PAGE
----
Confessions of the Brokenhearted

When I began blogging, I made a firm decision to always present a positive, hopeful, encouraging, and solution-focused position every time I write. I did not want to create just another platform for ranting, complaining, mean-spirited criticism, or merely reporting problems. On this blog I do talk about potentially controversial or painful topics such as colorism and absent fathers, but I do my best to avoid griping, ranting, blaming, and complaining. The reason I talk about these issues is to encourage others to confess their own pain and struggle and to give them hope and empowerment for positive solutions, healing, and growth.

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Complaining Vs. Confessing

There are essential distinctions between complaining and confessing. When we complain and rant, we focus on the faults of others without acknowledging our own shortcomings and complicity. Complaints and rants don’t promote solutions, healing, or growth.

Confessing is preferable because it’s meant to free us from guilt and burden so that we can make significant changes. Confession is about letting go, moving forward, courage, agency, faith, hope, and reconciling both the limits and potential of our humanness.

The Courage to Confess

It’s easier to rant, fuss, and complain than it is to confess. We don’t like to face our own flaws. It hurts to be honest about our struggles even to ourselves, so the idea of sharing with people who might judge and reject us can be terrifying.

In an early post on colorism I explained why I hadn’t talked much about the subject before. I had been afraid of what people might think or say, so for years I kept my thoughts, feelings, and ideas to myself. When I finally built up the courage to confess, some of my fears cam true. A few people misinterpreted my message, made mean-spirited comments, and tried to discredit and shutdown my views and my voice.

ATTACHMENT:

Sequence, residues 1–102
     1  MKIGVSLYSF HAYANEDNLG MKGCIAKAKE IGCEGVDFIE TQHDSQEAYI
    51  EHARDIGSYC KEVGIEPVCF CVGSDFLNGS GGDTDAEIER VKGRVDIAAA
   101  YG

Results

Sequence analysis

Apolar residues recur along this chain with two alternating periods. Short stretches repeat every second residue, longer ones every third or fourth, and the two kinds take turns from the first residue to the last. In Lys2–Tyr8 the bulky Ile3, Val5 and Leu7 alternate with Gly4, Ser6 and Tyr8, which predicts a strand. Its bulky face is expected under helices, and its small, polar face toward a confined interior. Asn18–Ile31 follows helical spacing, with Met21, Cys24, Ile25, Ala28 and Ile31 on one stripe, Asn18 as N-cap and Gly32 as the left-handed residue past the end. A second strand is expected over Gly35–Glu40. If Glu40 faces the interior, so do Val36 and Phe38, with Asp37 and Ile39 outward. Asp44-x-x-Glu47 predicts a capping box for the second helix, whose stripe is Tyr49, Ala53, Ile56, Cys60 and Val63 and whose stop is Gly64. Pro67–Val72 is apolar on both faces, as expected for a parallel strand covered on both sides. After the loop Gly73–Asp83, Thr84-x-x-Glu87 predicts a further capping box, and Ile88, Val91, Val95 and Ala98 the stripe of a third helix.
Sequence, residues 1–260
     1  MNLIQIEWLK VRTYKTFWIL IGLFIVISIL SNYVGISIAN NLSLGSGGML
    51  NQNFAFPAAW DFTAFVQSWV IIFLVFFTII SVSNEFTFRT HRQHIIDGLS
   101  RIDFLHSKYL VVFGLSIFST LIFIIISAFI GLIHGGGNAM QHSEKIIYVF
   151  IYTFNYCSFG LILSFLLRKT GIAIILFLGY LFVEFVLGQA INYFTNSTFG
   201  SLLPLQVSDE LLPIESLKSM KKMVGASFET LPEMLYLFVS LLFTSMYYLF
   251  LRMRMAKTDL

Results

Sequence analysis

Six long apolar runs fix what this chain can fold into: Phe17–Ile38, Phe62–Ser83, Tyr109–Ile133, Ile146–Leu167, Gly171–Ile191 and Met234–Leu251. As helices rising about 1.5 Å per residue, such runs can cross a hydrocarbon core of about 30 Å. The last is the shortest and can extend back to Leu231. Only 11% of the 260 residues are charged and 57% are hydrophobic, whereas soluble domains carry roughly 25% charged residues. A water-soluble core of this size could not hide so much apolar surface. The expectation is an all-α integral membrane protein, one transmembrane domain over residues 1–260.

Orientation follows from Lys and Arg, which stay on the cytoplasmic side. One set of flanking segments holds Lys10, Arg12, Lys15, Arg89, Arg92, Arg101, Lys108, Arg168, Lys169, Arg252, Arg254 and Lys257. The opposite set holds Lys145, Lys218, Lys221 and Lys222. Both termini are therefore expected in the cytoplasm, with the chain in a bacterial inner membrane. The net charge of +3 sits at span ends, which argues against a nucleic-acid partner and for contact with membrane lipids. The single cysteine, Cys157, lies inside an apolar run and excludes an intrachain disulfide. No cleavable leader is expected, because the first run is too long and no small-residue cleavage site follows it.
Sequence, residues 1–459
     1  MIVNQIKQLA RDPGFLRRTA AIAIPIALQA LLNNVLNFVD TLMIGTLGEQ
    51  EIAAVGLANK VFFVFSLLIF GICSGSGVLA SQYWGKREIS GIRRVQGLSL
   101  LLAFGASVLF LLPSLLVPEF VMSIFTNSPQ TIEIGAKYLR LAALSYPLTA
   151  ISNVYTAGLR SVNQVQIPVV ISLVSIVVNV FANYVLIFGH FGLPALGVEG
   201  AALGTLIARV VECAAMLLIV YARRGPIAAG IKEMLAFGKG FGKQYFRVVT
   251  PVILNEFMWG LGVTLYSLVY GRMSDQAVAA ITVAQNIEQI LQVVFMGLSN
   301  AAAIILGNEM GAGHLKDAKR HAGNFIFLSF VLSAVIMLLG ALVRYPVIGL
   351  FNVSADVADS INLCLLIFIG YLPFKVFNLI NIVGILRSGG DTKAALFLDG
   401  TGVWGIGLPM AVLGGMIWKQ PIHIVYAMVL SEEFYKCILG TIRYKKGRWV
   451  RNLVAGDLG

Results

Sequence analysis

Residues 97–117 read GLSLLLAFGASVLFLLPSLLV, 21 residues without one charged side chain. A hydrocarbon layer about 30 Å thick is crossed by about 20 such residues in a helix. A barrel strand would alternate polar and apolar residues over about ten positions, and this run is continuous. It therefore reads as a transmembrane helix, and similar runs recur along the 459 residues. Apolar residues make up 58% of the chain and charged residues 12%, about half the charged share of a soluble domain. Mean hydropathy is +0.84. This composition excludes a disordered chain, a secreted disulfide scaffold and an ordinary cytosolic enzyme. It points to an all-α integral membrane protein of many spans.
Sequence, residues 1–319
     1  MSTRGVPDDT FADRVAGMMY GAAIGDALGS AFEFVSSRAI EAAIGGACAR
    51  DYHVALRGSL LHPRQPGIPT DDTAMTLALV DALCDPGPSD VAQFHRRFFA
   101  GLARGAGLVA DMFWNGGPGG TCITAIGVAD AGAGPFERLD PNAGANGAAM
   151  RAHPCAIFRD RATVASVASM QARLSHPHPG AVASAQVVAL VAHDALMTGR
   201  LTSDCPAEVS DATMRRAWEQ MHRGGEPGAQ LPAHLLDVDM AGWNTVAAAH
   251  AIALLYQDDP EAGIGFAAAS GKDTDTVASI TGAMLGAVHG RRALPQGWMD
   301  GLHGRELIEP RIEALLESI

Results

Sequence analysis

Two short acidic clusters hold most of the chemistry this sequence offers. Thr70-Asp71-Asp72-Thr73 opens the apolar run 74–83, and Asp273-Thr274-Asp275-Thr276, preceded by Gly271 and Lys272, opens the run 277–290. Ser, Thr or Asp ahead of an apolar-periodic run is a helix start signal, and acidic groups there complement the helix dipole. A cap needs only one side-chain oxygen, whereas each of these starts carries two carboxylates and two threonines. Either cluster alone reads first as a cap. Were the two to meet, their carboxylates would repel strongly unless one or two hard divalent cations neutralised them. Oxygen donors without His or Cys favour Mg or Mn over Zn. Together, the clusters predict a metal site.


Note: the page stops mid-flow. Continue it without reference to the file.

But many more people responded positively (or at least thoughtfully), and I knew my blog was fulfilling its purpose.

Costs vs. Benefits of Confessing

Confessing can be painful, but it’s worth the difficulty. Being honest with ourselves is the first step in making our lives better. When we confess to others we are free to come out of hiding, we are able to find support in dealing with our struggles, and we inspire and encourage others around us.

Confession helps to repair broken hearts.

Love Sarah


Stop Hating


Awhile back I read a tweet from a woman that said it’s hard not to become just a little jealous or insecure around a beautiful and successful woman. With the ubiquitous images of catty women on television and in movies it’s easy to think this is true of all women, especially black women. Yes, this is a result of capitalism, racism, misogyny, and patriarchy. Because of capitalism, film and TV producers will compromise other people’s dignity to make money. Because of racism, there aren’t enough positive and nuanced portrayals of blacks in mainstream media. Because of misogyny and patriarchy, women get the worst of capitalism and racism. AND it’s all about getting a man, right? Many people seem to think the bulk of female envy stems from the need to find and keep MR. GOOD ENOUGH. (Again, the media exaggerates this phenomena in portrayals of black women.)

Structures are in place that provoke and support hatred among women, structures that we can’t readily change, structures that have become self-sustaining. But I believe we can empower ourselves as women to love or at least appreciate each other.